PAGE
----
Friday, February 6, 2009

TARP Shortchanged Taxpayers... DUH!

Are you kidding me? $78 billion? Nice Dream…

TARP Shortchanged Taxpayers by $78 Billion, Watchdog Panel Says

By Mark Pittman and Bob Ivry

Feb. 6 (Bloomberg) -- U.S. taxpayers are being shortchanged by about $78 billion through the Treasury Department’s bank bailout, the panel overseeing the program said.

The Treasury, when it was headed by Secretary Henry Paulson, received bank assets worth about $176 billion in exchange for capital purchases of $254 billion under the Troubled Asset Relief Program, the Congressional Oversight Panel said in a report today.

“The loss estimate is conservative,” said Representative Alan Grayson, a Florida Democrat on the House Financial Services Committee. “It could turn out that those assets in the end are worthless. These are massive handouts to favored institutions to try to make up with taxpayer money the mistakes they made with investor money.”

The public’s stake in the nation’s banking system continues to grow as first the Bush administration and now President Barack Obama’s team work to pull the U.S. out of the deepest recession in at least two generations. TARP, which is part of the more than $9 trillion the government has pledged to rescue the financial system, has guaranteed $350 billion to banks so far, with another $350 billion set for use in coming months.

Treasury spokesman Isaac Baker declined to discuss the panel’s report directly. He said Treasury officials have already “prevented a systemwide collapse” and plan to make an announcement next week.

“We will outline a comprehensive strategy to strengthen our financial system in order to provide American businesses and families the credit they depend on, while strengthening transparency and accountability measures so that taxpayers know where and how their money is being spent and whether it’s achieving real results,” Baker said today in an e-mail.

Neel Kashkari, who runs TARP as a holdover from the Bush administration, told a Mortgage Bankers Association conference on Dec. 5 in Washington that the government isn’t “looking for a return tomorrow.”

“We are looking to try to stabilize the financial system, get credit flowing again, and over time, we believe that the taxpayers will be protected and have a return on their investment,” he said.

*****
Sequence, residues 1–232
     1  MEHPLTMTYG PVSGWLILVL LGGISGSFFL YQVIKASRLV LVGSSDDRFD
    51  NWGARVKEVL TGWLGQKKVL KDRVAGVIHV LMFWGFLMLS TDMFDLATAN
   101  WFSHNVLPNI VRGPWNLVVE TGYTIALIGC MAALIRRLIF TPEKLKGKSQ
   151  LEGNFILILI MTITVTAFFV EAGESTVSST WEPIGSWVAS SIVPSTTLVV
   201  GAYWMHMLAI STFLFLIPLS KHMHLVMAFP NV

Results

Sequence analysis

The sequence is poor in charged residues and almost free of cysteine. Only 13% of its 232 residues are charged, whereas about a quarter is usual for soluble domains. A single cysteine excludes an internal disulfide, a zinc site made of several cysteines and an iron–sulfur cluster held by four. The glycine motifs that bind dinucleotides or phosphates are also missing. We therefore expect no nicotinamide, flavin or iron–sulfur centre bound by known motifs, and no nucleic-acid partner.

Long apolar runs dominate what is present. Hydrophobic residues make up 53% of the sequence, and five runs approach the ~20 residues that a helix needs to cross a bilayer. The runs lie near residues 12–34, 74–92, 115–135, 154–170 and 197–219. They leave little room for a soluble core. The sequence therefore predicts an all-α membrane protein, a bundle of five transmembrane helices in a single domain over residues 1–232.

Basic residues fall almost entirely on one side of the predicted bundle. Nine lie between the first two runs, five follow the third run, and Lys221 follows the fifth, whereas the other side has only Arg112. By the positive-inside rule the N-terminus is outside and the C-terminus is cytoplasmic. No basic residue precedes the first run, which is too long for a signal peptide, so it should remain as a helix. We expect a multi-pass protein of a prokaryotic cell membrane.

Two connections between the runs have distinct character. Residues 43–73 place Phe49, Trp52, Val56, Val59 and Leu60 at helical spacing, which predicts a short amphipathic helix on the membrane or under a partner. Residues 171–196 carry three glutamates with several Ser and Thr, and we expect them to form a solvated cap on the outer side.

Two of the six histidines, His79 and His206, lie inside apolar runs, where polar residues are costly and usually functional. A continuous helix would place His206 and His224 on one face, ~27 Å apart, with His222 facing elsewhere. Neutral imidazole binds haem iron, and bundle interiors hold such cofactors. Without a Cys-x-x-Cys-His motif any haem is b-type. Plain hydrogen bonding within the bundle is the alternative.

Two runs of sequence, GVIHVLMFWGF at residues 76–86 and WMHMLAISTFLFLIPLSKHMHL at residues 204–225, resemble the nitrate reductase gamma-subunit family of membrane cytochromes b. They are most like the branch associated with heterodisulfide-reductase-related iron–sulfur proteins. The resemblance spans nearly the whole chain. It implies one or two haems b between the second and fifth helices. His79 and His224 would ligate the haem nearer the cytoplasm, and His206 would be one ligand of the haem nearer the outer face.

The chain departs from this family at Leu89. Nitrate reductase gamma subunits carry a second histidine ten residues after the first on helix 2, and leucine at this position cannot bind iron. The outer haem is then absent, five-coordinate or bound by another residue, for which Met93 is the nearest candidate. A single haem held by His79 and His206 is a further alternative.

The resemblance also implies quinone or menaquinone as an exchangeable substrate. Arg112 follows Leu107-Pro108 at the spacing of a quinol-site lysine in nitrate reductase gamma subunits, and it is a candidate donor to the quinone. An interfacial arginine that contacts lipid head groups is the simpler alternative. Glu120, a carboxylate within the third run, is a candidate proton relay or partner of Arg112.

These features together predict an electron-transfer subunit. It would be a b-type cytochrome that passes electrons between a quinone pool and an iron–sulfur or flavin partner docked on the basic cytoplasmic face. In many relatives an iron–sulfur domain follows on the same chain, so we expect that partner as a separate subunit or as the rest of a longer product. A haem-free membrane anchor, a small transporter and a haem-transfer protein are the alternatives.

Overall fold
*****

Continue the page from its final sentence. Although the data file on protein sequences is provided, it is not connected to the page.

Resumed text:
The oversight committee faulted TARP’s “one-size-fits-all investment policy” for the shortfall.

“The use of standardized documents probably contributed to Treasury’s ability to obtain speed of execution and wide participation, but it meant Treasury could not address differences in credit quality among various capital infusion recipients,” the report said.

TARP Money
More than 200 companies, from New York-based Citigroup Inc. to Saigon National Bank in Westminster, California, have received TARP money, according to Bloomberg data.

“From day one, it’s been apparent that Treasury’s interest leaned more favorably toward that of the bank’s, with taxpayers as simply an afterthought,” said Representative Scott Garrett, a New Jersey Republican on the Financial Services Committee. “Unfortunately, the actions of the Treasury ultimately resulted in negative, albeit foreseeable by some, consequences for the banks, and questionable benefit for the taxpayer.”

TARP hasn’t succeeded in clearing bad assets from banks’ balance sheets, which would allow the companies to lend money and get the economy going again, said Gregory Miller, chief economist at SunTrust Banks Inc. in Atlanta. The KBW Bank Index of 24 financial institutions has fallen 58 percent from Sept. 15 through yesterday.

‘Hasn’t Helped’
“It hasn’t cleaned up the asset side of bank balance sheets and it hasn’t helped bank uncertainty about bank balance sheets at all,” Miller said. “Uncertainty has now overwhelmed economic decision making.”

Paulson, who was succeeded last month by Timothy Geithner, designed TARP as a possible money maker.

“This is an investment, not an expenditure, and there is no reason to expect this program will cost taxpayers anything,” Paulson said Oct. 20.

No doubt that Paulson "The Pump" and his Kashkari sidekick Mini-me are living in a Goldman Sachs inspired fantasy. The stuff "loaned" into the TARP program is undoubtedly the worse of the worse. Odds of recovering anything near their estimates? Zero.